GUIDELINES BY STAGECode 0: In situNote: ALWAYS check site-specific SS2018 chapters for exceptions and/or additional information1. In situ means “in place”. The technical definition of in situ is the presence of malignant cells within thecell group from which they arose. There is no penetration of the basement membrane of the tissue andno stromal invasion. Generally, a cancer begins in the rapidly dividing cells of the epithelium or lining ofan organ and grows from the inside to the outside of the organ. An in situ cancer fulfills all pathologicalcriteria for malignancy except that it has not invaded the supporting structure of the organ or tissue inwhich it arose.Note: If the pathology report indicates an in situ tumor but there is evidence of positive lymph nodes ordistant metastases, code to the regional nodes/distant metastases.2. An in situ diagnosis can only be made microscopically, because a pathologist must identify thebasement membrane and determine that it has not been penetrated. If the basement membrane hasbeen disrupted (in other words, the pathologist describes the tumor as microinvasive, microinvasion),the case is no longer in situ and is at least localized (code 1).3.Synonyms for In Situ Behavior code ‘2’ Bowen disease (not reportable for C440-C449) Clark Level I for melanoma (limited to epithelium) Confined to epithelium Hutchinson melanotic freckle, NOS (C44 ) Intracystic, noninfiltrating (carcinoma) Intraepidermal, NOS (carcinoma) Intraductal (carcinoma) Intraepithelial neoplasia, Grade III (e.g., AIN III, LIN III, SIN III, VAIN III, VIN III) Intraepithelial, NOS (carcinoma) Involvement up to, but not including the basement membrane Lentigo maligna (C44 ) Lobular, noninfiltrating (C50 ) (carcinoma) Noninfiltrating (carcinoma) Non-invasive (carcinoma) No stromal invasion/involvement Papillary, noninfiltrating or intraductal (carcinoma) Precancerous melanosis (C44 ) Pre-invasive Queryrat erythroplasia (C50 ) Stage 0 (except Paget’s disease (8540/3) of breast and colon or rectal tumors confined to laminapropria/intramucosa)4. Organs and tissues that have no epithelial layer cannot be staged as in situ, since they do not have abasement membrane.September 2020Summary Stage 2018 Coding Manual v2.010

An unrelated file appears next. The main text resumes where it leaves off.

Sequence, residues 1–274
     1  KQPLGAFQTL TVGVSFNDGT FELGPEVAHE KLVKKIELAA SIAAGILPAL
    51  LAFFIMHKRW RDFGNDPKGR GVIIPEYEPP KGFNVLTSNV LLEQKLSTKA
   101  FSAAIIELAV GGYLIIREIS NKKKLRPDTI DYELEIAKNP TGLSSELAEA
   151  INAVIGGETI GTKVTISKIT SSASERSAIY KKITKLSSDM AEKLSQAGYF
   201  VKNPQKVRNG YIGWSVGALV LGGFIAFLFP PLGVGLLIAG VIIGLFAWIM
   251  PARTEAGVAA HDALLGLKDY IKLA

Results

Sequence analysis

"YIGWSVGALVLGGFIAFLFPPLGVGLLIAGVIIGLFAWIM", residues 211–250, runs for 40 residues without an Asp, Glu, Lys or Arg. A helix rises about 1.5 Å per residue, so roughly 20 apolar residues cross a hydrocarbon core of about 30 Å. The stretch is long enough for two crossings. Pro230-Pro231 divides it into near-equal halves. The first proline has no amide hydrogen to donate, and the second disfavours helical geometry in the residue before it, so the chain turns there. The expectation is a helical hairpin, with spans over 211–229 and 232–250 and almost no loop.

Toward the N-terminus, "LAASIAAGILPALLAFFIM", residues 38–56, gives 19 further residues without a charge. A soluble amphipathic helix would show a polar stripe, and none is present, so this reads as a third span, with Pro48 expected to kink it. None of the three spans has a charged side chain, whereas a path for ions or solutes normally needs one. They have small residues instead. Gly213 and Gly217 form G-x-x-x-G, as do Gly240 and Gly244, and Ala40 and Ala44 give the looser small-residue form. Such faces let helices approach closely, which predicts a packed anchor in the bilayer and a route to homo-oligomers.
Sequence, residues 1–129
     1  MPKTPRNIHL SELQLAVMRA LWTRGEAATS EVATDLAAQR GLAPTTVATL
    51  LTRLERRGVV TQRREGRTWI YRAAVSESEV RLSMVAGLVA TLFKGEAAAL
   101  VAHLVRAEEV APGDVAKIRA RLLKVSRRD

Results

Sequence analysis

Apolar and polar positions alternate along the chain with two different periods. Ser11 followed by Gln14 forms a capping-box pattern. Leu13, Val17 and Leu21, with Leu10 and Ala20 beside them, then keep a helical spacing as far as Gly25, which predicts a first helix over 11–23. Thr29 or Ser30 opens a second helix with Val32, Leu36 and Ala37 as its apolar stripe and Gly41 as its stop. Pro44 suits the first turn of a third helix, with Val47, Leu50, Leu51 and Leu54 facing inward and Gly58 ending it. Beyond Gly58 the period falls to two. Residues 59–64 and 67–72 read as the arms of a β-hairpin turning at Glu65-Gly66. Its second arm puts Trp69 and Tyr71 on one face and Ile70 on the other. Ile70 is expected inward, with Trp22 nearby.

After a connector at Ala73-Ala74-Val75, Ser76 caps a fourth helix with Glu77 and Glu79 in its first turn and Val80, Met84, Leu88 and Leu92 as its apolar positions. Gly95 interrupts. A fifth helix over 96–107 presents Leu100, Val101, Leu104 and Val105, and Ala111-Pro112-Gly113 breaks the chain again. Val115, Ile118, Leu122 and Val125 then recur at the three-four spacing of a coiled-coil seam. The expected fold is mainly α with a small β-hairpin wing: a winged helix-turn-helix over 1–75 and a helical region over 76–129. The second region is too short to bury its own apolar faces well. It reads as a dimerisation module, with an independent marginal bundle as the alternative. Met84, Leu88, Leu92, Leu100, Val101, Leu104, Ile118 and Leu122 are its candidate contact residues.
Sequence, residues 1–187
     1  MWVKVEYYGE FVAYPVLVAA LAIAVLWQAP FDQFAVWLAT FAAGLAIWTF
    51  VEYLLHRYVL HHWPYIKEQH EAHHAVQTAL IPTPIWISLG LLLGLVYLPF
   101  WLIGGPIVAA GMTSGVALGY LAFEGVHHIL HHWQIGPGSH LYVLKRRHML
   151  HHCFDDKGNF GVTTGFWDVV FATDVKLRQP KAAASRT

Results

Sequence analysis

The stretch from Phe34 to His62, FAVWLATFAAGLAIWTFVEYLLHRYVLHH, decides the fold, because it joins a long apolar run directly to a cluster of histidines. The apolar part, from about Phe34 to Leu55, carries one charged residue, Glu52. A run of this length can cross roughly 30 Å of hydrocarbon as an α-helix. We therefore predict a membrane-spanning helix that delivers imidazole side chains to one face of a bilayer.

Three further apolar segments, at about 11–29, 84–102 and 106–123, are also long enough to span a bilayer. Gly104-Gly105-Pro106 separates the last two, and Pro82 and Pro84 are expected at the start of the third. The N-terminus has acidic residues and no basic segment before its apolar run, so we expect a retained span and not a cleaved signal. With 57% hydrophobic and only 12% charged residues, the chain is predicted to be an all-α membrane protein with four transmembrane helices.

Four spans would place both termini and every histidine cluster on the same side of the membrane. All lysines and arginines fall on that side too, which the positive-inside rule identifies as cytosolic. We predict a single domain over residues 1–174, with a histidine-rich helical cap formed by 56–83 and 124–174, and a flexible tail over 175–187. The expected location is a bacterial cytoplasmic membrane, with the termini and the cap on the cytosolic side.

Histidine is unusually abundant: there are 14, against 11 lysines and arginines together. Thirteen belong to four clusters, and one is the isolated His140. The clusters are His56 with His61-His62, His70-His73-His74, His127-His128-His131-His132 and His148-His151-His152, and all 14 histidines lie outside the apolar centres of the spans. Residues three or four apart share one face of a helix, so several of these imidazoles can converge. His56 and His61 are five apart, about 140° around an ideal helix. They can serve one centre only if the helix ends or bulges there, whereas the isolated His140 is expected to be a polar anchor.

5. Code 0 is not applicable for the following Summary Stage chapters/Schema IDs. September 2020Bone (00381, 00382, 00383)Brain (00721)Cervical Lymph Nodes, Occult Head and Neck (00060)CNS Other (00722)Corpus Sarcoma (00541, 00542)Heart, Mediastinum and Pleura (00422)HemeRetic (00830)Ill-defined other (99999)Kaposi Sarcoma (00458)Lymphoma (00790, 00795)Lymphoma Ocular Adnexa (00710)Mycosis Fungoides (00811)Plasma Cell Disorders (00822)Plasma Cell Myeloma (00821)Pleural Mesothelioma (00370)Primary Cutaneous Lymphoma (non-MF and SS) (00812)Retinoblastoma (00680)Retroperitoneum (00440)Soft Tissue (00400, 00410, 00421, 00450)Summary Stage 2018 Coding Manual v2.011